Portrait of Margaret Burne-Jones

Sir Edward Burne-Jones’ portrait of his daughter Margaret is another example of  mirror paintings that I adore. It’s not the mirror itself that I love; I am captivated by paintings whose mirrors that allow us a view of an opposite side of the room. Previous ‘mirror’ posts include Seeking out mirrors, Circe offering the cup…
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‘The Magic Circle’ and ‘The Crystal Ball’

In The Magic Circle, a lone sorceress casts her spell while surrounded by ravens in a desolate landscape. No lush greenery here, Waterhouse has placed her in a barren spot that lends an atmosphere of something wild and primitive. Practicing her magic, the sorceress is firmly in control. You may not be able to see…
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Port After Stormy Seas

Port After Stormy Seas (1905) by Evelyn De Morgan Sleep after toil, port after stormy seas, Ease after War, death after life  does greatly please. –Edmund Spenser, The Faerie Queen I first encountered these lines as a teenager, while reading Agatha Christie’s Dead Man’s Folly. Quoted by the character Mrs. Folliat, the words speak of the respite needed after…
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Circe Offering the Cup to Odysseus

There are many artistic representations of Circe.  Previous posts on this blog include Circe Invidiosa and The Wine of Circe.  Kirsty Stonell Walker explores Circe more deeply in her post Snowdrops, Swine and Seductive Sorceresses. I’ve been looking at mirrors in Pre-Raphaelite art in my previous posts.  In Il Dolce Far Niente and Viola, the…
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The Golden Stairs

“I mean by a picture a beautiful, romantic dream of something that never was, never will be – in a light better than any light that ever shone – in a land no one can define or remember, only desire – and the forms divinely beautiful – and then I wake up, with the waking…
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Preparing for the Ball

I have a weakness for paintings with mirrors in them.  Preparing for the Ball by Emma Sandys is a perfect example.  According to Pre-Raphaelite Women Artists by Jan Marsh and Pamela Gerrish Nunn, this painting has been known by more than one title:  Preparing for the Ball, Before the Mirror and The Lady of Shalott. …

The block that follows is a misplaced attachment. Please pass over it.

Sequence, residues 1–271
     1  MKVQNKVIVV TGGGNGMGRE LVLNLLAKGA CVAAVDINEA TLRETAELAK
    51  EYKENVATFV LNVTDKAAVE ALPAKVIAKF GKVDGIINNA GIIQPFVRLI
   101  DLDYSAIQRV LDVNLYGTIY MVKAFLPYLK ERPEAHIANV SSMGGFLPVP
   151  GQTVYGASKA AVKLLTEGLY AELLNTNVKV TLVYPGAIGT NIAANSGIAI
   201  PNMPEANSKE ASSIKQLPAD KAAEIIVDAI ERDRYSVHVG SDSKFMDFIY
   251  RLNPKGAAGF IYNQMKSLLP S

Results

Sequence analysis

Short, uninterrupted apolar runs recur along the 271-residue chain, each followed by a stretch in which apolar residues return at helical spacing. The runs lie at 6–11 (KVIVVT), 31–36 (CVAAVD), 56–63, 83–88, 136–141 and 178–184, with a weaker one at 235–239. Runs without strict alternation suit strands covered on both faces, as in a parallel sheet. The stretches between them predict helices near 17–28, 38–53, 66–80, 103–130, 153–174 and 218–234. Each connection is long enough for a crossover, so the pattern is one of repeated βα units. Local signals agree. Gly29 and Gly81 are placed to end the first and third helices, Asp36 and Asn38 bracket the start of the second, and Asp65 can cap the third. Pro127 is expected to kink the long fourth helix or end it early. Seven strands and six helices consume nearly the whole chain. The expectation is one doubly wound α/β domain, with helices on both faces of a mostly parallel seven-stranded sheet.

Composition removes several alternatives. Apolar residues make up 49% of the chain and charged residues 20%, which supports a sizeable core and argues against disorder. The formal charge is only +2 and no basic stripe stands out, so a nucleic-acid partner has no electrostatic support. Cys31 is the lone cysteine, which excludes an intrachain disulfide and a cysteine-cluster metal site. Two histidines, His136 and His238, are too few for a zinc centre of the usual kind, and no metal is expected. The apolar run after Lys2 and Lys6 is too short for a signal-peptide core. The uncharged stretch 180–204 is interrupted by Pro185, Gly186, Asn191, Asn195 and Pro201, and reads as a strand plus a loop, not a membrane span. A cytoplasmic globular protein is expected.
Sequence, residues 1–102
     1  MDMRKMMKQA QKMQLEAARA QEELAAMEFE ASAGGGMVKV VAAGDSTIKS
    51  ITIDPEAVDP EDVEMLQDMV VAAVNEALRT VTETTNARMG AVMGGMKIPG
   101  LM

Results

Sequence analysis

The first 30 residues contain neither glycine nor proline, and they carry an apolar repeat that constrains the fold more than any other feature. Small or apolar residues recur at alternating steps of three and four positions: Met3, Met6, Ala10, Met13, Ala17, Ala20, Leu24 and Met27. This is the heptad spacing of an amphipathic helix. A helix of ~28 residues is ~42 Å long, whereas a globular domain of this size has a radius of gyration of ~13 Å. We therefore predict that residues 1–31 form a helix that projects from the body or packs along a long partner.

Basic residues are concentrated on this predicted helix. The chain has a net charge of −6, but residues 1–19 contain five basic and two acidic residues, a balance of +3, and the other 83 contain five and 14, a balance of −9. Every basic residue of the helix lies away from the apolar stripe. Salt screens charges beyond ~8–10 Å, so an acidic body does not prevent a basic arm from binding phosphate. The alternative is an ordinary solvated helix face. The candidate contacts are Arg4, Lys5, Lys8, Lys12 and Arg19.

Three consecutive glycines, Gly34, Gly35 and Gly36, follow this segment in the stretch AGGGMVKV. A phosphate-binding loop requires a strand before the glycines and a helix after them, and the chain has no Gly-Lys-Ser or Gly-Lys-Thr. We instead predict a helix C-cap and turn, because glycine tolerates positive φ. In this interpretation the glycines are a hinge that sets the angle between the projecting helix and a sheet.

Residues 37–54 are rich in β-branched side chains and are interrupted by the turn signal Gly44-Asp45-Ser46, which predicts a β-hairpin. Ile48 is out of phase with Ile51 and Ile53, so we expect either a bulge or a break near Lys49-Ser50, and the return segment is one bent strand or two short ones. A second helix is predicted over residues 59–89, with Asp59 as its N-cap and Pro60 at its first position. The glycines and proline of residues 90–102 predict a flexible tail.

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Summer Beauty

I seem to be bombarded by advertisements that insist there is still time to get my body “bikini ready”.  If I can’t sculpt, shape or melt away areas of my body, I can visit one of the many tanning salons that seem to be popping up on every corner.  Or I could take a safer…
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The Beloved

Yesterday, when I shared that a detail from The Beloved can be seen on an ad for the Apple iPad mini, I realized that I’ve never posted about the painting on this site before.  Which is a shame since it is not only a striking work, but unusual.  Unusual in that it incorporates ethnic diversity…
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Joanna Boyce: Elgiva

Reading about the lives of women artists in any time period can be frustrating.  Their biographies are almost always peppered with obstacles that their male counterparts don’t seem to face. So, it is rare and wonderful to read that Joanna Boyce’s first exhibited painting was not only well received, but was praised by critic John…
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Hanging the Mistletoe

I’ve seen this painting titled as “The Farmer’s Daughter”, “Hanging the Mistletoe”, and “Girl Tying Up Mistletoe”.   Painted by Dante Gabriel Rossetti, The Rossetti Archive states that the finished painting has the date “Xmas 1860” on the frame. Mistletoe:  its history, meaning and traditions

Burne-Jones: The Blessed Damozel

The Blessed Damozel, painted by Sir Edward Burne-Jones, is based on a poem by Dante Gabriel Rossetti of the same name.   Rossetti was nineteen when he wrote The Blessed Damozel, which tells the tale of two lovers who will one day be reunited in heaven. “The blessed damozel leaned out From the gold bar of…